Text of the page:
PUBLISHERS WEEKLY - REVIEW
A Gypsy woman's search
for healing leads to a passionate affair with a New York docter in Bollow's uneven but spirited first novel. Yana Kejako,
a volatile artist, checks into the eponymous sanitarium sometime in the 1880's after traditional medicine fails to heal a
debilitating arm injury. Her initial skepticism about Zastro seems justified: despite the doctor's impressive track
record, his methods (bizarre machines, magnetic allignments and metallic-threaded clothing designed to cure all female "ailments--
physical, mental, and sexual") are decidedly odd. But he's a powerful figure, and Yana soon joins with a group of women
who venerate Zastro despite-- or in some cases because of-- his bizarre but precise dedication to the healing power of
electrical currents. Though the controlled environment stifles her so much she contemplates leaving, her plans change
when sparks fly between her and Zastro. Yana uses her stereotyped Gypsy wiles to seduce the repressed but deeply passionate
doctor. Bollow's descriptions of Zastro's oddball methods are entertaining, and she sets up an intriguing triangle between
Zastro, Yana and a fellow patient, a jealous nymphomaniac. . . . Bollow shows promise. (Copyright
- Reed Business)
SummerReadTuesday July 26, 2011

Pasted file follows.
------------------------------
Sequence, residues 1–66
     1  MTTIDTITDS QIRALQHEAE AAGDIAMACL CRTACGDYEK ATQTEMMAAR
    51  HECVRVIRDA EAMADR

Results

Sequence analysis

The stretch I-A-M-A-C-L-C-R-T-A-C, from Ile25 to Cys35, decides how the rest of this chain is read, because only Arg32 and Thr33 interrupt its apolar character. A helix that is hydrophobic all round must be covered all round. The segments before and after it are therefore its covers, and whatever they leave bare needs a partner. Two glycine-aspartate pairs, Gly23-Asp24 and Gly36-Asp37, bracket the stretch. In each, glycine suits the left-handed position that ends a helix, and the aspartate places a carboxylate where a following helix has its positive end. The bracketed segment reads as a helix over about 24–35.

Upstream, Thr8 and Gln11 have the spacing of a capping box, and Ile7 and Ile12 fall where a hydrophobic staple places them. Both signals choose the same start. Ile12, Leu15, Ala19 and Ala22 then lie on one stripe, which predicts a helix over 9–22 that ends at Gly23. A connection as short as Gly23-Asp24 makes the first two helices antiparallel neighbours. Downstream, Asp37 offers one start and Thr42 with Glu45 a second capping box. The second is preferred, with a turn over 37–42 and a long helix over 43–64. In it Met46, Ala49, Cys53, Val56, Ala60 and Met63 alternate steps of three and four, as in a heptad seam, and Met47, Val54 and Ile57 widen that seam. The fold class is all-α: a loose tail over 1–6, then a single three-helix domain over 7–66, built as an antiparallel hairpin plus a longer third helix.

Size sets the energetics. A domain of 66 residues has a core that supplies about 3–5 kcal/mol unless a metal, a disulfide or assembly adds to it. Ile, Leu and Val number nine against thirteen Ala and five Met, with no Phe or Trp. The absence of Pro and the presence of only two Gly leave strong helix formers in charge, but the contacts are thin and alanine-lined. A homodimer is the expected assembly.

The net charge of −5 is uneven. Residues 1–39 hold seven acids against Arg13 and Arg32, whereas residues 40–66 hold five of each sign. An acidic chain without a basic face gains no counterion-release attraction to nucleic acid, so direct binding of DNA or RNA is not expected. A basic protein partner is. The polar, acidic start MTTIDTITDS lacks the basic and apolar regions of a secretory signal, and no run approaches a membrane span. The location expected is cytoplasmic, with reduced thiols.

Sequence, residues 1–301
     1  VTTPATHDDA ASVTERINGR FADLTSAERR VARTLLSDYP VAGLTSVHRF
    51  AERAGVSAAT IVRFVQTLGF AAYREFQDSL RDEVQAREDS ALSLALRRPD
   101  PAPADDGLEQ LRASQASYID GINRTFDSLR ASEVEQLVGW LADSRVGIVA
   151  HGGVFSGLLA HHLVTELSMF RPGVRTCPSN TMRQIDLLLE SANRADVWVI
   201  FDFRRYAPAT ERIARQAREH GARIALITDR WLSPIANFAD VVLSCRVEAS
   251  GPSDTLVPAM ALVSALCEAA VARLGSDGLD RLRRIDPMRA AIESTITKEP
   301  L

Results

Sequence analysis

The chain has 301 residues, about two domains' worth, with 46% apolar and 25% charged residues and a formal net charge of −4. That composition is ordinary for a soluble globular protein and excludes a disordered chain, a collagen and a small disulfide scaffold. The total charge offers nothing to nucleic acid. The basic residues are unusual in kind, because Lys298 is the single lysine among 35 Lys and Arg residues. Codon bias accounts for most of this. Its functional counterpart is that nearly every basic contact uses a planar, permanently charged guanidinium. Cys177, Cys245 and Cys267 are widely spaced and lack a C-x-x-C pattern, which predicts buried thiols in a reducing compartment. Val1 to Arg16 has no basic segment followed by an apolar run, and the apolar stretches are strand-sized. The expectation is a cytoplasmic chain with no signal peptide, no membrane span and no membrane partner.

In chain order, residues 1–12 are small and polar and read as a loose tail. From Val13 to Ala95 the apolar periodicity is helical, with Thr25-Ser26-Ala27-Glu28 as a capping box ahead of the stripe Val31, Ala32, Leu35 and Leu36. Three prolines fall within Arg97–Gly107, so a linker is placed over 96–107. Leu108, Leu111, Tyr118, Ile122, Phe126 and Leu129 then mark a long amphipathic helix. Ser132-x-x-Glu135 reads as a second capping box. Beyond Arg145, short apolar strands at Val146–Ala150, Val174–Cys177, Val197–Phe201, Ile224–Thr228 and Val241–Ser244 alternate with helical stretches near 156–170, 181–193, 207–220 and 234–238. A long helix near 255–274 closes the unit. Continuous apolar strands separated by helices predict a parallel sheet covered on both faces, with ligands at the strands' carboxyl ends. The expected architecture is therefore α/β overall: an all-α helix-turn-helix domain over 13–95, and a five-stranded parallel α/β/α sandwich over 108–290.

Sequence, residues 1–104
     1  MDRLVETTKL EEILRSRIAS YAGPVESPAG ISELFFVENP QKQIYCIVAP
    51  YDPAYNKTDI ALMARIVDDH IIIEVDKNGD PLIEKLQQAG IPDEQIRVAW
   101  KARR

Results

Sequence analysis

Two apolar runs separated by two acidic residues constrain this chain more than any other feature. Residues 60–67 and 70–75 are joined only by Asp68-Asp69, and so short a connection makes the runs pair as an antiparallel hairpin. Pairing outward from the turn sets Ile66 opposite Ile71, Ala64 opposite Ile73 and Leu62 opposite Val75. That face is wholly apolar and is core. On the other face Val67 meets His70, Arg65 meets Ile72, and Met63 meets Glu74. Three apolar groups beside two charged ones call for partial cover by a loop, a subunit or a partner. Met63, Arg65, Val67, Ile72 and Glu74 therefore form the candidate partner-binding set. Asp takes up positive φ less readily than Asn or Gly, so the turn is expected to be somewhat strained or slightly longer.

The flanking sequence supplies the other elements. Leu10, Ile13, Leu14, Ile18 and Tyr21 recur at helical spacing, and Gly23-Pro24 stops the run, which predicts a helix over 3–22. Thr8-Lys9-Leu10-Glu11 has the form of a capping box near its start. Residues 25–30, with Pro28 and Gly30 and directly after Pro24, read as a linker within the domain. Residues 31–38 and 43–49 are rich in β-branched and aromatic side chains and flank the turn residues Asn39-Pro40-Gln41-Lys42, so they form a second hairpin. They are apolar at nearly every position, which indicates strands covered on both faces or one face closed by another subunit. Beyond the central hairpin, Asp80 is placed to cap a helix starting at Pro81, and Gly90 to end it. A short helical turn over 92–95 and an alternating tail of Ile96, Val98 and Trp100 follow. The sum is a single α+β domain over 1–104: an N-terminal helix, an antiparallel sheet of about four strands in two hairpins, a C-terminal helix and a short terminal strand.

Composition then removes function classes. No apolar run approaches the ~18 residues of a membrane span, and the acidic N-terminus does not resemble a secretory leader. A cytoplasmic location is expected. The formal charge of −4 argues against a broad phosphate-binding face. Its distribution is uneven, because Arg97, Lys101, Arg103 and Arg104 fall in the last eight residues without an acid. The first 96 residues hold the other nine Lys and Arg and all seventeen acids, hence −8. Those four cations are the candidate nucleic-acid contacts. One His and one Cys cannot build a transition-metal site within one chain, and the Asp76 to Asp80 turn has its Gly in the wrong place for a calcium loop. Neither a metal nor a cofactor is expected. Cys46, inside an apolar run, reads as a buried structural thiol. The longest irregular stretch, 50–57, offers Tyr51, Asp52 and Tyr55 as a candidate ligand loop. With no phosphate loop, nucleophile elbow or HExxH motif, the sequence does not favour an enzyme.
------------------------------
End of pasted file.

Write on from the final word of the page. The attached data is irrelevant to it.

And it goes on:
With the lazy days of summer hitting us full force, it always comes to pass that you need a great collection of great books
to entertain you while you hit the beach, travel in your motor home, or simply escape the kids and heat by locking yourself
in your room.Well, hold on to your Vickie Secrets, ‘cos I have a doozie for you.
Author and playwright, Ludmilla Bollow, sent me her book when we were still wet behind the ears. Her book was our first
Publisher’s Weekly review, so I have a very special place in my heart for this lovely book.
I fell in love with Dr. Zastro’s Sanitarium because it’s populated with so many wonderful, passionate, three-dimensional characters and passionate yet tragic plot
that still impacts me seven years later.
This is no ordinary romance. Ludmilla’s literary palette is set in 1800 New York, where the mores of sexual-oppression
bumps up against fiercely independent Yana, who comes to Dr. Zastro’s clinic to heal her arm, so she can resume her
painting career. The idea of finding love is the furthest thing from her mind because she doesn’t want to feel tied
to any man. But the ever-proper Dr. Phillipe Zastro intrigues her.
Unlike women of that time, Yana acts on her growing desire for Phillipe, and in the process, shatters his delicate balance